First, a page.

Global Licensing Sales Hold FastGlobal Licensing Sales Hold Fast
The worldwide retail sales of licensed merchandise remained strong in 2007, according to the License! Global 2008 Annual Report, increasing by 2.3% and reinforcing the popularity of recognized and trusted brand
April 6, 2018
The worldwide retail sales of licensed merchandise remained strong in 2007, according to the License! Global 2008 Annual Report, increasing by 2.3% and reinforcing the popularity of recognized and trusted brand name properties among consumers.
The total worldwide retail sales of licensed merchandise reached $191.7 billion, representing an increase of $4.3 billion in 2007 versus 2006, according to the exclusive report compiled by the editors of License! Global magazine.
The two categories posting the largest percentage increases in retail sales were Interactive and Entertainment, increasing 5.3% to $6.1 billion and 3.5% to $23.8 billion, respectively.
The largest category, Character, increased a modest 1.9% to $43.5 billion in 2007.
The second-largest category, Fashion, increased 1.8% to $39.8 billion in retail sales followed by the Brands category, which increased 1.8% to $39.1 billion in retail sales in 2007.
The two smaller categories, Art and Sports, posted increases in retail sales in 2007 of 2.1% to $19.7 billion and 3.1% to $19.9 billion, respectively.
While the total percentage increase in 2007 was not as high as it was in the prior 2005 to 2006 period when retail sales of licensed products increased 3.6% worldwide, it still represented a solid performance and reinforced the viability and growth potential for licensed products over the next several years. More important, the licensing industry remained on track to achieve the sales projection that worldwide retail sales of licensed products could hit the $200 billion mark by 2010.
In fact, based on the exclusive Top 100 Global Licensors, published in the April 2008 issue of License! Global, the top 20 licensors accounted for almost $100 billion in the total worldwide sales of licensed products at retail.
Among the key trends that will drive licensing growth at retail are:
international expansion, particularly the BRIC nations of Brazil, Russia, India and China, where major global retailers continue to expand
the celebrity influence on licensed products that help drive sales at retail, whether it's LL Cool J at Sears, Olympic gold medalist Michael Phelps, soccer star David Beckham or Miley Cyrus, a.k.a. Hannah Montana
the strength of entertainment, which experienced record box office performance in 2007, again in 2008 and likely yet again in 2009, remains driven by the huge global popularity of superheroes
category opportunities for licensing, including green/eco-environment (as exemplified by the Earth Day promotion of t-shirts at Walmart from Coca-Cola and the home products line, Daily Green, from Hearst Brand Development and Homestead); healthy foods (as exemplified by the extensive line of products from Safeway and Warner Bros. Consumer Products); video games (per the growth and expansion of Atari); digital media/content (as reflected by the virtual worlds for kids, such as Disney Fairies).
One of the most important aspects of the entertainment sector—and with some of the other categories, as well—is the long-term planning and development that now includes a far more comprehensive strategy for licensing and merchandising, product sourcing, international programs and retail partnerships. The fact is that many licensors are already working on major programs for 2012.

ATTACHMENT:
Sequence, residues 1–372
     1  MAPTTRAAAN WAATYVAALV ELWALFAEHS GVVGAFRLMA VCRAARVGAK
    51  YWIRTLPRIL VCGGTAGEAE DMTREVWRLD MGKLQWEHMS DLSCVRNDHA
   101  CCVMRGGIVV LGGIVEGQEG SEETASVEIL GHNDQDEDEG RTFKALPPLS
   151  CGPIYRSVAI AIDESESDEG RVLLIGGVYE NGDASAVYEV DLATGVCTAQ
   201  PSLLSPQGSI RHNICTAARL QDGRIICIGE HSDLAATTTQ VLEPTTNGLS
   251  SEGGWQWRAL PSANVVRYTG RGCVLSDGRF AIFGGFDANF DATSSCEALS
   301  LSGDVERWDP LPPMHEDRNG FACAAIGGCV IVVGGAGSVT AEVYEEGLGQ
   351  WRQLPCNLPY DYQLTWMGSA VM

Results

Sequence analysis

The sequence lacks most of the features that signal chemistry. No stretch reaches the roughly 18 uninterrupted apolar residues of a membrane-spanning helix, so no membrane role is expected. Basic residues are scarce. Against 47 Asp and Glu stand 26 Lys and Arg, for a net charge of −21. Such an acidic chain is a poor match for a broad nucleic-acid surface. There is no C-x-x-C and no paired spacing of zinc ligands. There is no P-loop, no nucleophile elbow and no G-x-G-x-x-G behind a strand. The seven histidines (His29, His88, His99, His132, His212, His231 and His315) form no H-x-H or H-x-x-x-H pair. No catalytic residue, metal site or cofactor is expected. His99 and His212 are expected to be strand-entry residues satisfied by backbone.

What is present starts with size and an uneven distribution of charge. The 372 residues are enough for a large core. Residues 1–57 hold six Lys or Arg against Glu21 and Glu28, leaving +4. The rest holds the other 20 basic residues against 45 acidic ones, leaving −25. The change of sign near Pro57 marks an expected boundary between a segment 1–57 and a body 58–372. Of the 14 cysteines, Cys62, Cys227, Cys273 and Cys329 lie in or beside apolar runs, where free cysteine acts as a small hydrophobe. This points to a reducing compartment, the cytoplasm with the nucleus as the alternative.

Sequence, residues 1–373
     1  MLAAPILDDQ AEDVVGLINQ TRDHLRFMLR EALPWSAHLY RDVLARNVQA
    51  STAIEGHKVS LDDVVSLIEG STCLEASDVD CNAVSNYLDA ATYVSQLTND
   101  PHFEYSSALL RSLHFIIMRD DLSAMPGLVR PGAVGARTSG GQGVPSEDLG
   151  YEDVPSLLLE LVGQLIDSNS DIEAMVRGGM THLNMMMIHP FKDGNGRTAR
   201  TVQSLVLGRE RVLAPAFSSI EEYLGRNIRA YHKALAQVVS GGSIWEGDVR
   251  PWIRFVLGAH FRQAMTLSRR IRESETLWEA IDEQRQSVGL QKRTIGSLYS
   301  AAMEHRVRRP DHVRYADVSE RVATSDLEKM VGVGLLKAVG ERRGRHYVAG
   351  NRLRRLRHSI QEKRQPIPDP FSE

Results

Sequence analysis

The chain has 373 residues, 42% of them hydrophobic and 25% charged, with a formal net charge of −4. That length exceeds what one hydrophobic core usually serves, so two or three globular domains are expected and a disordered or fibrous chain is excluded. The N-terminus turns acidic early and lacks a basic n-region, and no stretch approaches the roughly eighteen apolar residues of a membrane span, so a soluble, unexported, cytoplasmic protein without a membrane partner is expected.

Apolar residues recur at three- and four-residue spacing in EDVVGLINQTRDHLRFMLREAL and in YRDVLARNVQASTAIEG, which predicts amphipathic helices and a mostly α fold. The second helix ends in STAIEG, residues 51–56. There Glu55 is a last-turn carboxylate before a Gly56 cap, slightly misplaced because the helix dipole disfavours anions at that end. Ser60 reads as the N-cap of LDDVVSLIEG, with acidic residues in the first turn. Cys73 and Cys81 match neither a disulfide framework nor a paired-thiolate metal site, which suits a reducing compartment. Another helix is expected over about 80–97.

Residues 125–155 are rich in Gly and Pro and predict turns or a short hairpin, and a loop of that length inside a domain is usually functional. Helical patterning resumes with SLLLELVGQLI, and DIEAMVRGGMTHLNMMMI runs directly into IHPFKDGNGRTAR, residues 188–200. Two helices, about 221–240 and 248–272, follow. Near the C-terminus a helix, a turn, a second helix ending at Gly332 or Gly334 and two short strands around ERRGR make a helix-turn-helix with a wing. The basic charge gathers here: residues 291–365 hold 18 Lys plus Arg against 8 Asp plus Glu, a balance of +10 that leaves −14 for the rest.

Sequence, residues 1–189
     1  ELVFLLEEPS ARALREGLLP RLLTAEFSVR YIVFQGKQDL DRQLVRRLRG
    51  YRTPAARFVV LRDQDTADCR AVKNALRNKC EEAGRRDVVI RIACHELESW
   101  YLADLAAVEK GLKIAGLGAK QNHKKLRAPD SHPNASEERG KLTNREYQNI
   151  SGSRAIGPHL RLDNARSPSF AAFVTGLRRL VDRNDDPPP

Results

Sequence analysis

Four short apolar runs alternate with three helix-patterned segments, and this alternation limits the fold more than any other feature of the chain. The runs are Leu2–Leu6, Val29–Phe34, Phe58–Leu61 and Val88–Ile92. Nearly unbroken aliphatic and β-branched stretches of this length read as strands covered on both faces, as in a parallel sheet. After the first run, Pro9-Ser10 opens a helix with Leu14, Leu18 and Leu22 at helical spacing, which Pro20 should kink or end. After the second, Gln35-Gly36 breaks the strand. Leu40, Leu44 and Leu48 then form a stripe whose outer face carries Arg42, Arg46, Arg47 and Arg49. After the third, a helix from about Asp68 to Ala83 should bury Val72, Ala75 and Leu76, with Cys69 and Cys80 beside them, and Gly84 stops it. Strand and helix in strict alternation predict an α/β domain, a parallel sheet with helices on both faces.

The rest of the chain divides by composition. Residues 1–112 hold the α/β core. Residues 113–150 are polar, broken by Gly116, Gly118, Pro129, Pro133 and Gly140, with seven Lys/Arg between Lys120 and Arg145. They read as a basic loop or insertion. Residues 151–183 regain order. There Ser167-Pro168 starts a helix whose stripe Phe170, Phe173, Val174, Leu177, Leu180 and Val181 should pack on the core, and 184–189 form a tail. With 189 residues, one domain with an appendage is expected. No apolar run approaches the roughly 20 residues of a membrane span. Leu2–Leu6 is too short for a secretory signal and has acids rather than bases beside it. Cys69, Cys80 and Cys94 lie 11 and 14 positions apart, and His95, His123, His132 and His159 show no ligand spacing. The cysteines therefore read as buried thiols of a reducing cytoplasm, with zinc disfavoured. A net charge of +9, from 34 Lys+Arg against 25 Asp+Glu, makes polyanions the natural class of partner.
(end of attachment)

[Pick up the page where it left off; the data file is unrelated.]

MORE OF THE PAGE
So while the world's biggest licensors and retailers plan two to four years out on mega promotional events, this creates the potential for other niche opportunities for licensors to develop various merchandising programs based on specialty holidays, sports events, anniversaries, brand extensions and, of course, celebrity accomplishments.
One of the most challenging factors for the licensing business is the volatility at retail, reflected this year with the bankruptcy filings of several major retail companies including Steve & Barry's, Sharper Image, Mrs. Fields, Mervyns, Linens 'n Things, Boscov's and Bennigan's. There's no doubt that retailers are re-evaluating every merchandising category and are reducing inventory and SKUs, thereby making the competition for retail space intense. While that may impact second- and third-tier brands, it reinforces the demand for other brand licensing alternatives—hence the popularity of celebrity, character, entertainment, sports and corporate brand licensing deals.
The other major concern, looking ahead to 2009, is the lingering affects of the economic downturn and financial collapse that forced the $700 billion bail out legislation by the U.S. government, as well as other financial support from governments in other countries, including Germany and the United Kingdom.
The economic woes and belt-tightening among consumers will have an even greater impact on holiday sales, as well as on such notable retailers as Ethan Allen, Circuit City, Sears Holdings, Gap and Marks & Spencer, which have already been struggling during 2008.
Consolidation is likely to continue among retailers, entertainment and licensees, especially as small- to mid-sized companies are impacted by the recession and the credit crunch and larger companies are looking for growth opportunities. Two examples are the Cookie Jar acquisition of DIC and the Li &Fung acquisition of American Marketing Enterprises, the licensed children's apparel company.
Yet, despite economic, retail and consumer uncertainty worldwide, licensing and merchandising—which historically has weathered other downturns, albeit less serious ones—remains a viable and resilient industry that will continue to grow and expand through 2010 and beyond.
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